Bishop Ward High School’s five-time state championship team wants to make it six, and knows what it takes to get there
by Kara Hansen
KANSAS CITY, Kan. — “It’s supposed to be hard,” Tom Hanks told his baseball team in the movie “A League of Their Own.”
“If it wasn’t hard, everyone would do it. “The hard . . . is what makes it great.”
If five state championships make a team great, then Bishop Ward’s varsity ballplayers got there by way of “the hard.”
Day in and day out, rain or shine, you can count on Ward’s players to be out on the field taking batting practice, perfecting their throws, and cementing their defensive play.
“We do repetition constantly — hitting, throwing, catching — over and over until your play is perfect,” explained senior centerfielder Jake Janes. “Our practices are planned out and very structured. Coach is pretty strict and really pushes us.”
It seems to be working: The Kansas City, Kan., high school has lost only a handful of games since 2006.
“We win with those fundamentals — the things we do over and over every day in practice,” said Aaron Quisenberry, a senior pitcher.
But an emphasis on fundamentals only explains their way — not their will — to win.
For that, senior shortstop John Oropeza says you have to look at the team’s work ethic and the coaches’ high expectations.
“We respect each other and we’re really disciplined,” he explained.
And, needless to say, “Our coaches expect a lot from us,” he added.
A winning tradition
When a Bishop Ward student goes out for the baseball team, he can expect two things: to work hard and to win. Players will tell you that their lengthy daily workouts, off-season training, and seasonal conditioning can be no less than grueling.
They play a tough schedule — going up against larger 6A schools like Shawnee Mission East and rival Rockhurst. Yet the end result is what drives them through the daily grind of practice.
“We don’t always like [the practice grind] at the time, but we like the success it breeds. We focus on that,” said Jacob Mark, senior first baseman.
A large part of Ward’s baseball success can be credited to one man: head coach Dennis Hurla. When Hurla first came to Ward, he had no idea of the kind of program he would build. He just wanted to coach good kids in a Catholic school.
Twelve years later, Hurla finds himself in the midst of a high school baseball dynasty.
Certainly, the baseball team had enjoyed success before — just not like this. In addition to bringing home the state title in baseball every year since 2003, Bishop Ward set a new state record in March for the most straight wins by any varsity baseball team in any classification: 45.
That means that some of the players hadn’t experienced a single loss since joining the varsity ranks until the loss to Rockhurst that the broke their streak in April. Ward’s team is so good, in fact, that some won’t believe it is the product of homegrown talent and something as simple as hard work.
“There’s this myth out there that we’re so good because we recruit players,” said Janes, “and that’s just not true. Guys on the team are from all the area parish schools.
“We just work hard in practice, and that comes out in our games.”
Forty-five straight wins and a state record would be a source of pride for most teams, and it is for Ward.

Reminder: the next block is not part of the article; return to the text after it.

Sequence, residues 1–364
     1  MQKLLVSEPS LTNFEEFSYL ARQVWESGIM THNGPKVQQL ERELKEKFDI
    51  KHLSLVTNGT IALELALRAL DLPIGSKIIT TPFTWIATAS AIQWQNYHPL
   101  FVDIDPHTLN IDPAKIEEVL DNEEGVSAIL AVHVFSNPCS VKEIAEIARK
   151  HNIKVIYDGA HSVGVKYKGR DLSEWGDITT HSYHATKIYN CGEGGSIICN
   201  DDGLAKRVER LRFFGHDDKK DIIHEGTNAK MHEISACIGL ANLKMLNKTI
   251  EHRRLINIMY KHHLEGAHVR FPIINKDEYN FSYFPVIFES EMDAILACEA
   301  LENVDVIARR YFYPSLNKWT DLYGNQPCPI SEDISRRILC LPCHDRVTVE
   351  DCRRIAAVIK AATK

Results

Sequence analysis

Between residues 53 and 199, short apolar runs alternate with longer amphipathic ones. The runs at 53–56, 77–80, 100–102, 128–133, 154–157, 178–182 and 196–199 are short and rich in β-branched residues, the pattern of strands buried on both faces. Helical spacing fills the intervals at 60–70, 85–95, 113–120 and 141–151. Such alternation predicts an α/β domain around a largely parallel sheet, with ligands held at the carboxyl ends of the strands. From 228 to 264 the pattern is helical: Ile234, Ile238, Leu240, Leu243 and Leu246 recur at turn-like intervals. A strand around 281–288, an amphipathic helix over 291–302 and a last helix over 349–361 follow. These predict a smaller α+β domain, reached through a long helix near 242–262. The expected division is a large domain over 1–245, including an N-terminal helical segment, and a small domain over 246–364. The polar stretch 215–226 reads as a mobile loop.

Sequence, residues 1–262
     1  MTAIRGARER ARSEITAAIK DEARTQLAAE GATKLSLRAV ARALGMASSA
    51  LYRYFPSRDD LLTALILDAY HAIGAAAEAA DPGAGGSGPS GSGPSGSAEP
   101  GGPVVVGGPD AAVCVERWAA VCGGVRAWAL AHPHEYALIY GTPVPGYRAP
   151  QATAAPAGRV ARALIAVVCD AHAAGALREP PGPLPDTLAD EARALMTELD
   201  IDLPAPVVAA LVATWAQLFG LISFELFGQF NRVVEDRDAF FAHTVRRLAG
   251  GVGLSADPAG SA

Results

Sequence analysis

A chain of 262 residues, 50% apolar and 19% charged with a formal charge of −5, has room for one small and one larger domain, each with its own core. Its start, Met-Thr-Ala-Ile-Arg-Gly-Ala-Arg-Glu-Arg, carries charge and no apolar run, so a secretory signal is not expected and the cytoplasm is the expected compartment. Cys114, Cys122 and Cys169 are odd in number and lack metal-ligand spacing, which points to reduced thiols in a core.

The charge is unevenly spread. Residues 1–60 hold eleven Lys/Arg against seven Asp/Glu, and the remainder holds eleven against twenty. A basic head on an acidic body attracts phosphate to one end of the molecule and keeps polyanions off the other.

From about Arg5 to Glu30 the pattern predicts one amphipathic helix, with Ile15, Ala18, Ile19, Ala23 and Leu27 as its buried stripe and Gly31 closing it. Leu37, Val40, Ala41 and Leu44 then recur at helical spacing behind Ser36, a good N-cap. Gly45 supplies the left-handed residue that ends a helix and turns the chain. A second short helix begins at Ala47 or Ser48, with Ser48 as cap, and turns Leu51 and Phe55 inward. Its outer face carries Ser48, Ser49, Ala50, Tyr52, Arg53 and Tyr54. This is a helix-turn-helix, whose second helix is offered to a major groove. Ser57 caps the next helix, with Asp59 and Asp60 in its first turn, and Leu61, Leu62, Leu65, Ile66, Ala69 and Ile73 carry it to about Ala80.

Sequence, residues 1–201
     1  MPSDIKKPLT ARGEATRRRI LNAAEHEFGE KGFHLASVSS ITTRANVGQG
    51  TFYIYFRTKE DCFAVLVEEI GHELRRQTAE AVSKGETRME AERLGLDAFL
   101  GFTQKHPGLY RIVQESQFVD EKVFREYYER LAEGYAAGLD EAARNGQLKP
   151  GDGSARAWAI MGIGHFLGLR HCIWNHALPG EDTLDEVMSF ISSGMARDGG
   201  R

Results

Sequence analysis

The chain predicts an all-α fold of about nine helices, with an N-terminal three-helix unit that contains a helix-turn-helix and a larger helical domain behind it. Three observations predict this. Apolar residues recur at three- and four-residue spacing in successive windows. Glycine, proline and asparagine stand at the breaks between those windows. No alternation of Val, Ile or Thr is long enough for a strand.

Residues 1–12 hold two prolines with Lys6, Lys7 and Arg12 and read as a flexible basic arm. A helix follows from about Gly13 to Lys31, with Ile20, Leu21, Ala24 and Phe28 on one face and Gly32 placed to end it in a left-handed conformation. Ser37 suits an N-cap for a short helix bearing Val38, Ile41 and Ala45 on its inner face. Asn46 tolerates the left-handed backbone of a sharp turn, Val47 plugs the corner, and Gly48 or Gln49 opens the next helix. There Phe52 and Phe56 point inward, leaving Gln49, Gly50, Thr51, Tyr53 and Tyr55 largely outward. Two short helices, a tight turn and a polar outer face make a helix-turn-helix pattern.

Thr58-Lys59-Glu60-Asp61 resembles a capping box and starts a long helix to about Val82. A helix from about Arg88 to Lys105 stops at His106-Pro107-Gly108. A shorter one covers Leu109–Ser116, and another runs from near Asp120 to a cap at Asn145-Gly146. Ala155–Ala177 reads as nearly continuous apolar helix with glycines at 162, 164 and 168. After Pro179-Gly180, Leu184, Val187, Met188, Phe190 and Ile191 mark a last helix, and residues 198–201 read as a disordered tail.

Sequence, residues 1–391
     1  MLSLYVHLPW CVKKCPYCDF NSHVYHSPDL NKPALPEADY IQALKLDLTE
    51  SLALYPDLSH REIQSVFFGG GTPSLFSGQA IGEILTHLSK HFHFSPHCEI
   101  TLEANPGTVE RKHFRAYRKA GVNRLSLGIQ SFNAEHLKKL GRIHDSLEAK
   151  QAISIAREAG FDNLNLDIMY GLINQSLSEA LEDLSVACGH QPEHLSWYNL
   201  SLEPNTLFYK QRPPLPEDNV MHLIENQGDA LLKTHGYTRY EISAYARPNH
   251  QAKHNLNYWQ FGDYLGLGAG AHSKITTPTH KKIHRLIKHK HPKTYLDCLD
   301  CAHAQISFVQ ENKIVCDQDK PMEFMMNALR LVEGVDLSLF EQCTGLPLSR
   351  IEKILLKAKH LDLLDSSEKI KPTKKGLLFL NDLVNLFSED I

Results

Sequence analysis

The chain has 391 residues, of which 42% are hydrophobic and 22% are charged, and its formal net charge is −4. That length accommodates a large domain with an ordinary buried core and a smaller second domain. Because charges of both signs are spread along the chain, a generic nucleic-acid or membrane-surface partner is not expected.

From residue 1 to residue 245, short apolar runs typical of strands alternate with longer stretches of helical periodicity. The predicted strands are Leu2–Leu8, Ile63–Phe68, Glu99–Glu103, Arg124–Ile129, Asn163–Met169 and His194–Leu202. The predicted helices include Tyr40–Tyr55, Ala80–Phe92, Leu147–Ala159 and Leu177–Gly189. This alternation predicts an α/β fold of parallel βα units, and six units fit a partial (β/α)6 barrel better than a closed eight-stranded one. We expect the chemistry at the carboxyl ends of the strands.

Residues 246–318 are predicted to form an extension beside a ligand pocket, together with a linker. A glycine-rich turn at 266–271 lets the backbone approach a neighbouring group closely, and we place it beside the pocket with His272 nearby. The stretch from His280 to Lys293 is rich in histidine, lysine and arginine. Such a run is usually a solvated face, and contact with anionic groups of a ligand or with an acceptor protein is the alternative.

But it’s not enough. They want something more — a sixth straight title.
“[Win number 45] was just another game for us,” said Janes. “What we’re really focused on is the end of our season and winning the state championship.”
Baseball is life
As a coach, Hurla has some high expectations of his players on the field — respect for each other, clean language, hustle, sportsmanship, and a strong work ethic.
Off the field, his expectations are even higher.
“Our coaches make sure we’re getting the job done at school, with everything from having our shirts tucked in to using good language. They expect us to be the best — to be role models,” said Janes.
Bishop Ward principal Dennis Dorr sees the student-athletes as exactly that.
“Coach Hurla does a great job. His players work extremely hard. He does all the right things, all the right ways,” said Dorr. “He is a stickler for details. He expects his kids to play up to their potential every second they’re on the field.
“Off the field, he does not give his players any exceptions because they are athletes — if anything, he expects more of them.”
Yet he is quick to point to the Ward community as a major catalyst in the program’s success.
“The students, parents, and their families at Bishop Ward are the reason for success,” said Hurla. “You do not win like we have without good personnel, and we have that.”
A team of faith
For Hurla, integrating faith into an athletic program has been important since his arrival. All the players and coaches gather for a weekly Mass each Tuesday before school, and they pray together after each game.
“I‘m Catholic and knew what went into attending and functioning at a Catholic school,” said Hurla.
“In my opinion, this mindset goes hand in hand with coaching. I tell our players their actions speak louder than words,” he added.
Effort, he counsels them, will determine more than the fate of their season. Their willingness to give 110 percent will matter long after they have graduated and left the halls of Ward behind.
As the ballclub moves into its final games of the season, Hurla knows that some of his players will go on to play baseball on the next level.
Many of them, however, will leave formal baseball behind in pursuit of other dreams — college, careers and families.
Hurla hopes their involvement in the baseball program at Bishop Ward will have prepared them no matter what their future holds.
“I hope they take with them that nothing is free — everything has a price,” he said, “but you can achieve a lot more than you realize.
“Faith, perseverance, determination, and a positive attitude can do wonders.”